Two years later, Davis, who had pleaded not guilty, stood trial. In less than two hours (PDF), based largely on eyewitness testimony (see Kevin Drum on the problems with witness memory), the 12-person jury found him guilty of murder, as well as aggravated assault against both Cooper and Young. After another seven hours of deliberations, the court handed him a death sentence.
In the years that followed, the case against Troy Davis “has fallen apart,” Amnesty International says. Ten people who had testified or given statements against Davis signed affidavits recanting what they had said (PDF). Michael Cooper said he had never seen the statement he signed and what was written in it “is a lie.” Larry Young admitted he had been drinking the day he was pistol-whipped and that police had “made it clear that we weren’t leaving until I told them what they wanted to hear.” Darrell Collins—who was only 16 in 1989—said, “I am not proud for lying at Troy’s trial, but the police had me so messed up that I felt that’s all I could do or else I would go to jail.”
Even more telling, perhaps, are the additional affidavits claiming that Redd Coles must have been the man who killed Officer MacPhail. He “once told me that he shot a police officer and that a guy named Davis took the fall for it,” reads one. A woman explains how Coles asked her daughter to help him establish a false alibi. A relative of Coles who recanted later testified that he saw Coles pull the trigger.
In the absence of physical evidence, none of this can prove Troy Davis innocent. (And, in fact, Amnesty International doesn’t take a position on whether he is.) Recantation testimony is often considered to be even less reliable than eyewitness testimony—something federal Judge William Moore seized upon last year during the first US Supreme Court-mandated innocence hearing in at least 50 years. “While Mr. Davis’ new evidence casts some additional, minimal doubt on his conviction, it is largely smoke and mirrors,” Moore ruled. “Mr. Davis is not innocent.” (Moore declined to comment for this story.)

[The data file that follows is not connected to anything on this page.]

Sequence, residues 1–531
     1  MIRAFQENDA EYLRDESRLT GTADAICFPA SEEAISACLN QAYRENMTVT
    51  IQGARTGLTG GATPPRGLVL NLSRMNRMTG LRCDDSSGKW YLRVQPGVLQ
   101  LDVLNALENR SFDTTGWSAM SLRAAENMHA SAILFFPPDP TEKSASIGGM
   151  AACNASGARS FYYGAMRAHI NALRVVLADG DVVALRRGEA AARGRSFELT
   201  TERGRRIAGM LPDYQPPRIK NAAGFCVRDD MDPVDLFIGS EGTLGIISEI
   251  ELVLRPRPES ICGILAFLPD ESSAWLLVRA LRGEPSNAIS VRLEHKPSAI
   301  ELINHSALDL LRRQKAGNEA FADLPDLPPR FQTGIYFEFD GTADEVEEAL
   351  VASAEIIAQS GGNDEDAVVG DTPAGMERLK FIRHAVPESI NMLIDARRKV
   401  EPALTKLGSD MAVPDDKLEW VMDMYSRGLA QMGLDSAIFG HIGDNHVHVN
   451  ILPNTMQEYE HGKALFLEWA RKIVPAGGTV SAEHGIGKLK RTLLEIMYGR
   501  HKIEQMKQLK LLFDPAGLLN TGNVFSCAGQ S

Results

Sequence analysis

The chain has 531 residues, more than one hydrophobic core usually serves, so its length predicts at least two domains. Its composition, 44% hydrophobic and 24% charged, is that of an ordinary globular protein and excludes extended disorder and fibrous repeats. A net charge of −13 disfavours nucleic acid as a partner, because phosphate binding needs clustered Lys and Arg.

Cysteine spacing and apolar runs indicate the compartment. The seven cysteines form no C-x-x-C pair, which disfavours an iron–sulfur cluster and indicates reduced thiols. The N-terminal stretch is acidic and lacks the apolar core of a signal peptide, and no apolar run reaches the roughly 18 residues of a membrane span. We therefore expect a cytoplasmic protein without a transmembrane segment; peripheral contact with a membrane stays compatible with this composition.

But the affidavits do present a reasonable doubt of guilt—a standard, Moye says, the courts threw “completely out the window.” Several members of the jury that convicted Davis back in 1991 have since voiced their own doubts. One, Brenda Forrest, famously told Savannah’s WTOC TV, “If I knew then what I know now, Troy Davis would not be on death row.” (As a sidenote, Georgia’s Republican governor Nathan Deal and his Democratic rival campaigned last year in support of split-jury decisions on death penalty rulings. If their efforts become law, they could further redefine the traditional standard of guilt. Deal did not respond to a request for comment.)
Two members of the parole board who will hear Davis’ appeal on Monday—quite possibly his last—have deliberated on his fate in the past. In 2007, after pleas from Nobel laureate Desmond Tutu and Pope Benedict XVI—to say nothing of the thousands of death penalty abolitionists around the globe who see Davis as a cause célèbre—the board issued a stay of execution one day before Davis was scheduled to die. The board stated that it would “not allow an execution to proceed in this state unless and until its members are convinced that there is no doubt as to the guilt of the accused.”
“We have been appealing to them to stick to that standard,” Moye says. The parole board denied clemency in 2008, but the Supreme Court ultimately intervened less than two hours before Davis’ third scheduled execution. Now, however, there are three new members of the five-member board who haven’t heard either of Davis’ previous appeals. “In some ways he’s getting a fresh look at his case by the Georgia board,” Moye says. But she acknowledges that “clemency is very difficult to win.” In Davis’ case, denying the possibility of his innocence ought to prove harder.